Why AQ is the new competitive advantage

For years, the common belief was that people with high intelligence quotient (IQ) or emotional quotient (EQ) were more successful. However, in today’s new world, the growth catalyst is AQ.

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It is no longer ‘survival of the fittest’ but ‘survival of the quickest’ which is the big differentiator in the post-COVID era. This implies, both people and businesses will have to adapt faster to the changes – the one who is swift enough will progress rapidly.

Let us take the example of Tunisian taxi startup, IntiGo, which temporarily transformed into a delivery service overnight because passengers were low during the lockdown.

We can say that Intigo’s adaptability quotient (AQ) is high.

Adaptability quotient or AQ is the ability to adapt and thrive in a fast-changing environment — such as a world that has turned upside down post COVID. The world of work has undergone extraordinary change during the pandemic. No doubt, teams that can embrace new ways of working and leverage technology will thrive.

Be it companies or individuals, AQ is what will help everyone survive these unprecedented times. For years, the common belief has been that people with high intelligence quotient (IQ) or emotional quotient (EQ) are more likely to be successful. However, in today’s new world, the growth catalyst is AQ.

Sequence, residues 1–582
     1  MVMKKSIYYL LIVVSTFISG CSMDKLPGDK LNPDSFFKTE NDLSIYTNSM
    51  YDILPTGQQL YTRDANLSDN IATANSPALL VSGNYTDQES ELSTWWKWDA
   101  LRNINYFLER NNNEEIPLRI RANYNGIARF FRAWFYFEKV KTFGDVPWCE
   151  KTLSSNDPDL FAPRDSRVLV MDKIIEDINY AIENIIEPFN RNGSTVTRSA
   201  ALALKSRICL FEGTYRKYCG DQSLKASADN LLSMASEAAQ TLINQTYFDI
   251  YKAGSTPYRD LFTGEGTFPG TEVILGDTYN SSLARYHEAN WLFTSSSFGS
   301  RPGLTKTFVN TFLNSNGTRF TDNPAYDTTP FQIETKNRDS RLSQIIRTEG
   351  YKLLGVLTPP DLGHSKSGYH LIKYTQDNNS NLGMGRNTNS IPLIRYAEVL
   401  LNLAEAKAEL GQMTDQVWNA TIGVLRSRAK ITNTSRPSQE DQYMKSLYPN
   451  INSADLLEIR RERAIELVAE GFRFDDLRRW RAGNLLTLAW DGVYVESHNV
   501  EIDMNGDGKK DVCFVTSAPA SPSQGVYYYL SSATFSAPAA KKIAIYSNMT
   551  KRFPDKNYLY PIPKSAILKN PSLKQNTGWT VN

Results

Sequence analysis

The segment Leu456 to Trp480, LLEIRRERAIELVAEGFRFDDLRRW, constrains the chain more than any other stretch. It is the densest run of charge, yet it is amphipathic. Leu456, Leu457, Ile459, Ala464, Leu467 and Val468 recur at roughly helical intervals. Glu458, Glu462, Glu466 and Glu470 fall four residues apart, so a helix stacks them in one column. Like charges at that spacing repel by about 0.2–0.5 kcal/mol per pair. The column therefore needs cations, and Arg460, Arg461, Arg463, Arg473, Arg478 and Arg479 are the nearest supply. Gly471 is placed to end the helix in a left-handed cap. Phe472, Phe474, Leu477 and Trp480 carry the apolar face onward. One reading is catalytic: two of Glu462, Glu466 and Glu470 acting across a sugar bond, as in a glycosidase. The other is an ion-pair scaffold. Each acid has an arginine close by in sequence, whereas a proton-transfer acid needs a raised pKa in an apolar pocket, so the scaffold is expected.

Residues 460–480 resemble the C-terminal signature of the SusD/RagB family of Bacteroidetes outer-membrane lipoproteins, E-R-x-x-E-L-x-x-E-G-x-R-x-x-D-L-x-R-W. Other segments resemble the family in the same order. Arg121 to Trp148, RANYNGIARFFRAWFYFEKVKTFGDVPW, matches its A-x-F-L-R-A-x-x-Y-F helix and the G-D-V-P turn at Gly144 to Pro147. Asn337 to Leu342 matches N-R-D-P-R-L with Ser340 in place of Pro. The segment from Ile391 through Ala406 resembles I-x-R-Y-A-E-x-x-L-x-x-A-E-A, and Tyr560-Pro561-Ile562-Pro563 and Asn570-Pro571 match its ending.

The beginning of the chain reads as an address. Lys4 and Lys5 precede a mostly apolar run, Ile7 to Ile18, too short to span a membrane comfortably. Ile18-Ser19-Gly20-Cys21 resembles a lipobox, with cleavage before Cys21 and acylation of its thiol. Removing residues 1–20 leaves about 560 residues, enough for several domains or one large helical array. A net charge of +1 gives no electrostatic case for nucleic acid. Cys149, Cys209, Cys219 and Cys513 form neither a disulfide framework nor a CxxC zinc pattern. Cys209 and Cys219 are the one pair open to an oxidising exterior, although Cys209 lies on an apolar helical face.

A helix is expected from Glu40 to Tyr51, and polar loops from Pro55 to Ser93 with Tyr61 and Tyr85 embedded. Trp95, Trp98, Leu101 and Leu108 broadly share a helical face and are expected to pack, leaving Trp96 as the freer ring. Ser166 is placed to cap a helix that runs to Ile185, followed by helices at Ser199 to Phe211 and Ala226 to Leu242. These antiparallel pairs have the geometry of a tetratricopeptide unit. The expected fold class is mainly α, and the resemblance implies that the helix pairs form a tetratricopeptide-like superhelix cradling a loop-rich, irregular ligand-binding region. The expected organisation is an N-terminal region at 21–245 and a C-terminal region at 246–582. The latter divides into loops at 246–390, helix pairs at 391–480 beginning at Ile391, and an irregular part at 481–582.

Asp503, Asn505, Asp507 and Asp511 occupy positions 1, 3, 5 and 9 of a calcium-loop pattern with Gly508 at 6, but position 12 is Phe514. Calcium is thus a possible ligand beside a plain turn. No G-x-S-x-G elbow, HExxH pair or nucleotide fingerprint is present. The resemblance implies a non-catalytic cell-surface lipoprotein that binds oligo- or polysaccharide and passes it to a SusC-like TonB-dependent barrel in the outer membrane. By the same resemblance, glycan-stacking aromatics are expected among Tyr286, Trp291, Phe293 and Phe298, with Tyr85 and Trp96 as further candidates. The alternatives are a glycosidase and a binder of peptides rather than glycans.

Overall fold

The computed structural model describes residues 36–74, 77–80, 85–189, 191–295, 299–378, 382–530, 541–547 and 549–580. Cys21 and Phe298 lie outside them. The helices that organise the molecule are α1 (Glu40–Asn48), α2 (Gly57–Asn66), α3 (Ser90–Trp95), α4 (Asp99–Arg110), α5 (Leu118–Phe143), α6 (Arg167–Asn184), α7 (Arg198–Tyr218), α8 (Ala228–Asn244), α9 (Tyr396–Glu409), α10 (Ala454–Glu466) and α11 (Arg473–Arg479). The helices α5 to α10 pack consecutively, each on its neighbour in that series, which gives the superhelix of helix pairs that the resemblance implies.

It is commendable how the mobile companies quickly shifted to setting up their own hyperlocal e-commerce channels, such as MiCommerce and Vivo Smart Retail, to ensure that the products were delivered to the doorsteps of the consumers. Customers could express their purchase interest either via SMS, whatsapp or Facebook not only to see the inventory of the shops closest to their location, but also to make purchases from retailers around them.

Companies that have acted fast in terms of responding to consumer needs and the changing business environment, have been able to ride the pandemic wave. It is interesting how so many Indian companies across sectors have been quick to move to making PPE kits and manufacturing sanitisers in order to ride the lockdown wave, when other channels of business were completely shut. But soon, every second company started doing it, so the novelty factor was lost. Therefore, we all have to adapt to new changes every now and then in the fast-changing business environment.

Swiftness

There were also some sectors, which probably did not move drastically from their core line of business, but brought in some quick radical changes in their existing business model to ensure that they kept floating. The smartphone companies are a classic example of how business can capitalise change.

The lockdown, for instance, translated into sudden increase in data consumption – partly due to online classes and partly due to the increasing usage of OTT platforms, such as Netflix, Hotstar, Amazon Prime and so on. The increase in data also meant an increase in demand for smartphones.